India is a treasure trove of environmental-related stories. As environmental awareness grows, so does the need for insightful and eye-opening literature that delves deep into the intricacies of India’s complex ecosystems. In this listicle on books on the environment, we bring to you a curated selection of the most compelling environmental books to read–right from investigative narratives to astute projections of years before us brings!
The Great Derangement by Amitav Ghosh
In this groundbreaking return to non-fiction, Ghosh examines our inability at the level of literature, history and politics to grasp the scale and violence of climate change. The extreme nature of today’s climate events makes them peculiarly resistant to the contemporary imagination. In fiction, hundred-year storms and freakish tornadoes simply feel too improbable for the novel and are automatically consigned to other genres. In the writing of history, too, the climate crisis has sometimes led to gross simplifications. Ghosh suggests that politics, much like literature, has become a matter of personal moral reckoning rather than an arena of collective action. But to limit culture and politics to individual moral adventure comes at a great cost. The climate crisis asks us to imagine other forms of human existence a task to which fiction, Ghosh argues, is the best suited of all forms. The Great Derangement serves as a brilliant writer’s summons to confront the most urgent task of our time.
Green Wars by Bahar Dutt
What is more important, building a modern airport in rural Uttar Pradesh or conserving the shrinking habitat of the sarus cranes? Producing more palm oil or protecting the orang-utan? Do we allow the destruction of pristine forests with their rich flora and fauna so we can generate much-needed hydel power? A modernizing economy brings in its wake ecological challenges and misplaced priorities. Development, environment, conservation, global warming – what do they mean in real terms, on the ground, to the people there? Must development always be in conflict with the environment? Combining rigorous research with the experienced traveller’s eye for piquant stories, conservationist and environment journalist Bahar Dutt chases some of the biggest stories of our times. From Arunachal Pradesh to the Arctic, from Goa to Gangotri, from illegal mining to climate change, Green Wars journeys to some of the richest wilderness areas, and explores the tension between a developing economy and saving the planet. Lucid, heart-warming and intensely personal, this is a book for green warriors, yes, but equally for those of us who crave blue skies and fresh air.
I Too Had a Dream by Verghese Kurien
While primarily a memoir of the father of India’s White Revolution, this book also discusses the significance of sustainable dairy farming and its positive impact on rural livelihoods. The book narrates the innovative story of how farmers were empowered to build strong co-operatives and increase the production of milk, which ultimately resulted in India becoming the highest milk producer in the world. The story tells readers how Dr Kurien met a group of farmers in Anand, Gujarat. They were forming Kaira District Cooperative Milk Producers Union Limited, which is popularly known as Amul today.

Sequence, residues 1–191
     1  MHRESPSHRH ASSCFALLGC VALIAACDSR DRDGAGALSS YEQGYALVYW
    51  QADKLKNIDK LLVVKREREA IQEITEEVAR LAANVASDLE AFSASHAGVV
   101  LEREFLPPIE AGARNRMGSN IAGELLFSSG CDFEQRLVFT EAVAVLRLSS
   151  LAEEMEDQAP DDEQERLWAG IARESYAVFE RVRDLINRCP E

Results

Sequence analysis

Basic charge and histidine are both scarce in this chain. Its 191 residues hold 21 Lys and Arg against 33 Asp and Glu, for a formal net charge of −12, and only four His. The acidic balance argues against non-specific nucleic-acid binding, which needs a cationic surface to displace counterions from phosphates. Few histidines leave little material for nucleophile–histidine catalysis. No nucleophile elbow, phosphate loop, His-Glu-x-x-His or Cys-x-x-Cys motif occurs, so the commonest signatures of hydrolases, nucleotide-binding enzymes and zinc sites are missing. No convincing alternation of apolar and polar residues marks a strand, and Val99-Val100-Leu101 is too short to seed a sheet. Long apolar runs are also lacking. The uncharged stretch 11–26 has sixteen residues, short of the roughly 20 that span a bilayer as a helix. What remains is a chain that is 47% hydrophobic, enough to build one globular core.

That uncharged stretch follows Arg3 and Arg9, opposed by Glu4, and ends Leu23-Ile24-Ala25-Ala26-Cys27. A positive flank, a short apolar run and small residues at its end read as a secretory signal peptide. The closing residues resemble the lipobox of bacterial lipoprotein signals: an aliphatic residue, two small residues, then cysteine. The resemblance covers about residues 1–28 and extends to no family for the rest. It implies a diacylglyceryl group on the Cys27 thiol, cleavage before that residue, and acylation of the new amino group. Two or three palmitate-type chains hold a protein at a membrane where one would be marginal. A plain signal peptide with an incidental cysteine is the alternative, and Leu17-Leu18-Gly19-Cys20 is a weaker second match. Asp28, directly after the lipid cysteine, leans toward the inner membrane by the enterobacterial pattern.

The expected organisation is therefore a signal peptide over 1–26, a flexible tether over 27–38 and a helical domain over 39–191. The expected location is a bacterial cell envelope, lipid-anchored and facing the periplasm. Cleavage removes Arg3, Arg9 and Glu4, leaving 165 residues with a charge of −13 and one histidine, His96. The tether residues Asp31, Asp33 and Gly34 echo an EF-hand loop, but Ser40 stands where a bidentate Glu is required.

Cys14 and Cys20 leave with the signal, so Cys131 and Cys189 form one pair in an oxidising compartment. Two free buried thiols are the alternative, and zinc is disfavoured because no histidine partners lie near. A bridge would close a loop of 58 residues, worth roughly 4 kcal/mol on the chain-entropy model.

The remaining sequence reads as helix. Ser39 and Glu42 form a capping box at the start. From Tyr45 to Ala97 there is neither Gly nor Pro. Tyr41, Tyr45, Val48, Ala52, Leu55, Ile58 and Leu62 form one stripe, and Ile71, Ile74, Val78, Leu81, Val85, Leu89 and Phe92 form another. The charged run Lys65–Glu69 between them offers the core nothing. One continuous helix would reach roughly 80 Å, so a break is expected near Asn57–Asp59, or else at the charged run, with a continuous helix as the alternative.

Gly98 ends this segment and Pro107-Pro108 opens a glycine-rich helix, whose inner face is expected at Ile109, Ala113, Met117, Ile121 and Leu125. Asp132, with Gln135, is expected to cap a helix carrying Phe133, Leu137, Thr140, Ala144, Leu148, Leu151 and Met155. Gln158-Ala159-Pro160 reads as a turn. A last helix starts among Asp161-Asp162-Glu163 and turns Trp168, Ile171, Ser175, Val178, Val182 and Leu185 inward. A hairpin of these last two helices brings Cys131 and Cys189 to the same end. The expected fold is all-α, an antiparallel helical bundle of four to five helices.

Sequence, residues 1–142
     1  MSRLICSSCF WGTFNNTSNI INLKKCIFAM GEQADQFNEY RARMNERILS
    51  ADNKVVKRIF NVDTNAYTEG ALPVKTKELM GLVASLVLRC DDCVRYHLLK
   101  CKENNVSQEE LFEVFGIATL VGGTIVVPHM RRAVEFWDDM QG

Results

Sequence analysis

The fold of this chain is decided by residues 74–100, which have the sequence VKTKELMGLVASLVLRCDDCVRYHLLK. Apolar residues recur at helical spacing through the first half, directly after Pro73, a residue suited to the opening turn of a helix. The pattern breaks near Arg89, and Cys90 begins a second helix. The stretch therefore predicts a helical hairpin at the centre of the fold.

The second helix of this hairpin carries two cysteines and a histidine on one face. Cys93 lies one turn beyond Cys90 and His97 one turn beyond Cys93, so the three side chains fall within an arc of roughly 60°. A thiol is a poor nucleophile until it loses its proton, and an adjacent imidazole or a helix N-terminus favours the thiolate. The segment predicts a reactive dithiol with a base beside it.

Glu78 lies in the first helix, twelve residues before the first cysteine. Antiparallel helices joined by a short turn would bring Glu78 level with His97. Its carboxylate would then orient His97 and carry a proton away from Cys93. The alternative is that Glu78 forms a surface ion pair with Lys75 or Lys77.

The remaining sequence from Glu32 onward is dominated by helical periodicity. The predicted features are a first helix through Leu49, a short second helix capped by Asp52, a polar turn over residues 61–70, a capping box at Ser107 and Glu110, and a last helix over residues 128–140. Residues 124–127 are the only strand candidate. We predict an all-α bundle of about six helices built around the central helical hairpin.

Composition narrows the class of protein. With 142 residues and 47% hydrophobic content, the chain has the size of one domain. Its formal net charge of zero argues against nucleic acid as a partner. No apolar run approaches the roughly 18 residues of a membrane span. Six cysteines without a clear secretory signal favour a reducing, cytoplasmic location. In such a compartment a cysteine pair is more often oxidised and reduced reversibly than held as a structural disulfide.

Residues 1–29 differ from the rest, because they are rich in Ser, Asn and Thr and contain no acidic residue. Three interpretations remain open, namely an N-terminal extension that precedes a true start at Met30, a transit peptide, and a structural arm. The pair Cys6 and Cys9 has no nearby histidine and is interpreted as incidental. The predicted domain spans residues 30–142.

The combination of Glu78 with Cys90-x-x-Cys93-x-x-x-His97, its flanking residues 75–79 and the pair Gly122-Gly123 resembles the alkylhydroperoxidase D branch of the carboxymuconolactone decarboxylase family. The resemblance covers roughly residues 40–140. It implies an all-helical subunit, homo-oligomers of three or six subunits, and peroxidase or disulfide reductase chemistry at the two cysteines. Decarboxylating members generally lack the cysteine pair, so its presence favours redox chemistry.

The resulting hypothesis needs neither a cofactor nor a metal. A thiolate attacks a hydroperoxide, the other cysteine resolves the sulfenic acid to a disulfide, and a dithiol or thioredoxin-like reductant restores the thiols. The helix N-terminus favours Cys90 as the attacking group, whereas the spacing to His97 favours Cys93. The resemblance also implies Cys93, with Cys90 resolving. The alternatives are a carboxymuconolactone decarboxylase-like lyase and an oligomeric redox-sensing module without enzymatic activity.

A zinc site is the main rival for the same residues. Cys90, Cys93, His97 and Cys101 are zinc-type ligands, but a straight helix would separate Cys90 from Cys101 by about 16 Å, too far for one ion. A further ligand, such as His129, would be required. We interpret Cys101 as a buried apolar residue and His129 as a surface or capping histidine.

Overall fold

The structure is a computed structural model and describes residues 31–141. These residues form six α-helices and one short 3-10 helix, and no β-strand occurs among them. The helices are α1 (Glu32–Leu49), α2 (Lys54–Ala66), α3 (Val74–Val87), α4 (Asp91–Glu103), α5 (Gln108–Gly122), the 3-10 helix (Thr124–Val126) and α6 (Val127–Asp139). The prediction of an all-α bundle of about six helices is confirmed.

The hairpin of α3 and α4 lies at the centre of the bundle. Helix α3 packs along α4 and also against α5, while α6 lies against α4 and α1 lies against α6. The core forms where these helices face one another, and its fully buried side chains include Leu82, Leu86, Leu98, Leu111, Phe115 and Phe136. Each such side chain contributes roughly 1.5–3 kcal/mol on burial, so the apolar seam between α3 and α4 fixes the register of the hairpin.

Unruly Waters by Sunil Amrith
Asia’s history has been shaped by its waters. In Unruly Waters, historian Sunil Amrith reimagines Asia’s history through the stories of its rains, rivers, coasts and seas–and of the weather-watchers and engineers, mapmakers and farmers who have sought to control them. Looking out from India, he shows how dreams and fears of water shaped visions of political independence and economic development, provoked efforts to reshape nature through dams and pumps and unleashed powerful tensions within and between nations. Today, Asian nations are racing to construct hundreds of dams in the Himalayas, with dire environmental impacts; hundreds of millions crowd into coastal cities threatened by cyclones and storm surges. In an age of climate change, Unruly Waters is essential reading for anyone seeking to understand not only Asia’s past but its future.
The Green Pen edited by Keya Acharya, Frederick Noronha
This is a collection of essays by prominent Indian and South Asian environmental journalists. The essays examine this specialization of journalism both historically and in the present. Underlying almost all the essays is the changing nature of media in the region and the dilemmas facing environmental journalists writing on a subject that is a new entrant to the field of journalism. The essays cover the topic both in a detailed and serious manner and at the same time the varied background of the writers ensures that there is a wide range of realities and experiences from the field. This is the first book on environmental journalism in South Asia. It provides an important benchmark for journalism in the region as well as an excellent source of material for the future evolution of environmental journalism. Apart from essays from India, there are contributions from Pakistan, Bangladesh, Sri Lanka, Nepal and the Maldives. A must-read for all.
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